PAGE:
oh coppertop- she talks a bit about pointing as well- and why she didn't point- the reasons were a bit unexpected (to do with her not having very good body sense) - I'll re-read that bit and post again later- as I know you are interested in pointing at the moment.
Sounds like a really interesting book, jj. Will get hold of a copy and recommend to all my friends,
Looks like a great book - I'm going to buy it, read it and give it to a friend. She has a non verbal autistic son and is interested in alternative forms of communication and just what is possible with a practically non verbal person with autism. This will really give her some hope and maybe some more understanding of her boy and how he processes things.
Thanks for sharing it with us.
That does look really interesting and the book sounds like it could give so much insight into autism. I'm also interested in what you say about pointing because (as you know) I'm always worrying about why ds2 hardly points although he is not autistic. He has problems with proprioception, body sense etc and one of the reasons that had occurred to me was that he found it quite hard to actually track visually and /or organise his movements to point.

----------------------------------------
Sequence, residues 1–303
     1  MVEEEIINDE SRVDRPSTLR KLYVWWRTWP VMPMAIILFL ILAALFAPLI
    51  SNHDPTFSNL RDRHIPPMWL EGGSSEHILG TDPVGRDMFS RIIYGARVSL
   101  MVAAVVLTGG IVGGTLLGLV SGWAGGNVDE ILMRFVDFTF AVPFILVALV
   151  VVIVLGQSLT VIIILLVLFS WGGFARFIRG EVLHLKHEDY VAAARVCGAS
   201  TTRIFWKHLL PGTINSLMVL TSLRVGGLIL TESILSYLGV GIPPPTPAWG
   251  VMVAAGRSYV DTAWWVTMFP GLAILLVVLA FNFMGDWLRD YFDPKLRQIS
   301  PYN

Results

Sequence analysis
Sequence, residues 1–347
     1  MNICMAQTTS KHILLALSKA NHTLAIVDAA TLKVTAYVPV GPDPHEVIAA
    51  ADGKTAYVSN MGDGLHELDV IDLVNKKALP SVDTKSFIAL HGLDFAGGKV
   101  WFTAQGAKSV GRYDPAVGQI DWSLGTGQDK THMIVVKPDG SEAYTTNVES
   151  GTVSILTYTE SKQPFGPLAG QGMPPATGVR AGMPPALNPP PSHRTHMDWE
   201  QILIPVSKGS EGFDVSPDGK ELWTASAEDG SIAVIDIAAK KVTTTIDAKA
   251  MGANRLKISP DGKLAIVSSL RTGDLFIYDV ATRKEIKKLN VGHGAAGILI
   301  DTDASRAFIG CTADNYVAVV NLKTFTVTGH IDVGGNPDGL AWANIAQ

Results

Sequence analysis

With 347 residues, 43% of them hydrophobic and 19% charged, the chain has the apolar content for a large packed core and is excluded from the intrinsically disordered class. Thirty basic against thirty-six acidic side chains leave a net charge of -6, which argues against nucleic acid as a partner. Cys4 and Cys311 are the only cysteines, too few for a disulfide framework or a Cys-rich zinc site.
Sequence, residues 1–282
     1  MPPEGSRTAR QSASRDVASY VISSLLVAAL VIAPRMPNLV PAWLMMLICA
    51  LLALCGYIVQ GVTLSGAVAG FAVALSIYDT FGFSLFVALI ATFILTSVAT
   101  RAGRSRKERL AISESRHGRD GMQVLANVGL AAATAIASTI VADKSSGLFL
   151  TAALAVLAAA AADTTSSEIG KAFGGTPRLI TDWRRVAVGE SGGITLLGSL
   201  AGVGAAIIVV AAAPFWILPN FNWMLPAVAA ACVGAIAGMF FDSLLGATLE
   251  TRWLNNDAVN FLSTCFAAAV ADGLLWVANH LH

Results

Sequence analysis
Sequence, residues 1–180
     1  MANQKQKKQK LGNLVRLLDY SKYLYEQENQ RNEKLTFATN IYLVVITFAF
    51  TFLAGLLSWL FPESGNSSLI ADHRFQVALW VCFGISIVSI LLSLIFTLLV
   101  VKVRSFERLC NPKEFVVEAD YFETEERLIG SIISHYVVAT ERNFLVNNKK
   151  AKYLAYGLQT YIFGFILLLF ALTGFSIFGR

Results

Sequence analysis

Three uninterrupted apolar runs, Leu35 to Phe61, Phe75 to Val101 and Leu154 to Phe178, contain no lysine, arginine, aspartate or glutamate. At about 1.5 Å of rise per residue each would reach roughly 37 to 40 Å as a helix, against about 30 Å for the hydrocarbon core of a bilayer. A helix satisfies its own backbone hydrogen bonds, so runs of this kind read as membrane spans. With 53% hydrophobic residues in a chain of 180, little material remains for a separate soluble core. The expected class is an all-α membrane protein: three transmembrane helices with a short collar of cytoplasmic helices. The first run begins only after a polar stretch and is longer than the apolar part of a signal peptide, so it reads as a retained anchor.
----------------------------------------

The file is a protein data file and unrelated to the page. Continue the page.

My ds, mildly dyspraxic with possibly sensory issues but certainly not autistic, rarely points and also seems to find it hard to follow my points. I think the body/sensory awareness thing is very interesting.
I have heard that pointing is really significant. Dd does (although not until she was bout 3yrs) and has for a while pointed and follows my point too. I just have never understood why it's so significant though.
BH, as I understand it the pointing thing indicates
1. joint interest - so an actual interest in showing you something which all NT children have from an early age
2. theory of mind - the understanding that you don't know what someone is actually thinking so there is a need to point to draw your attention to it.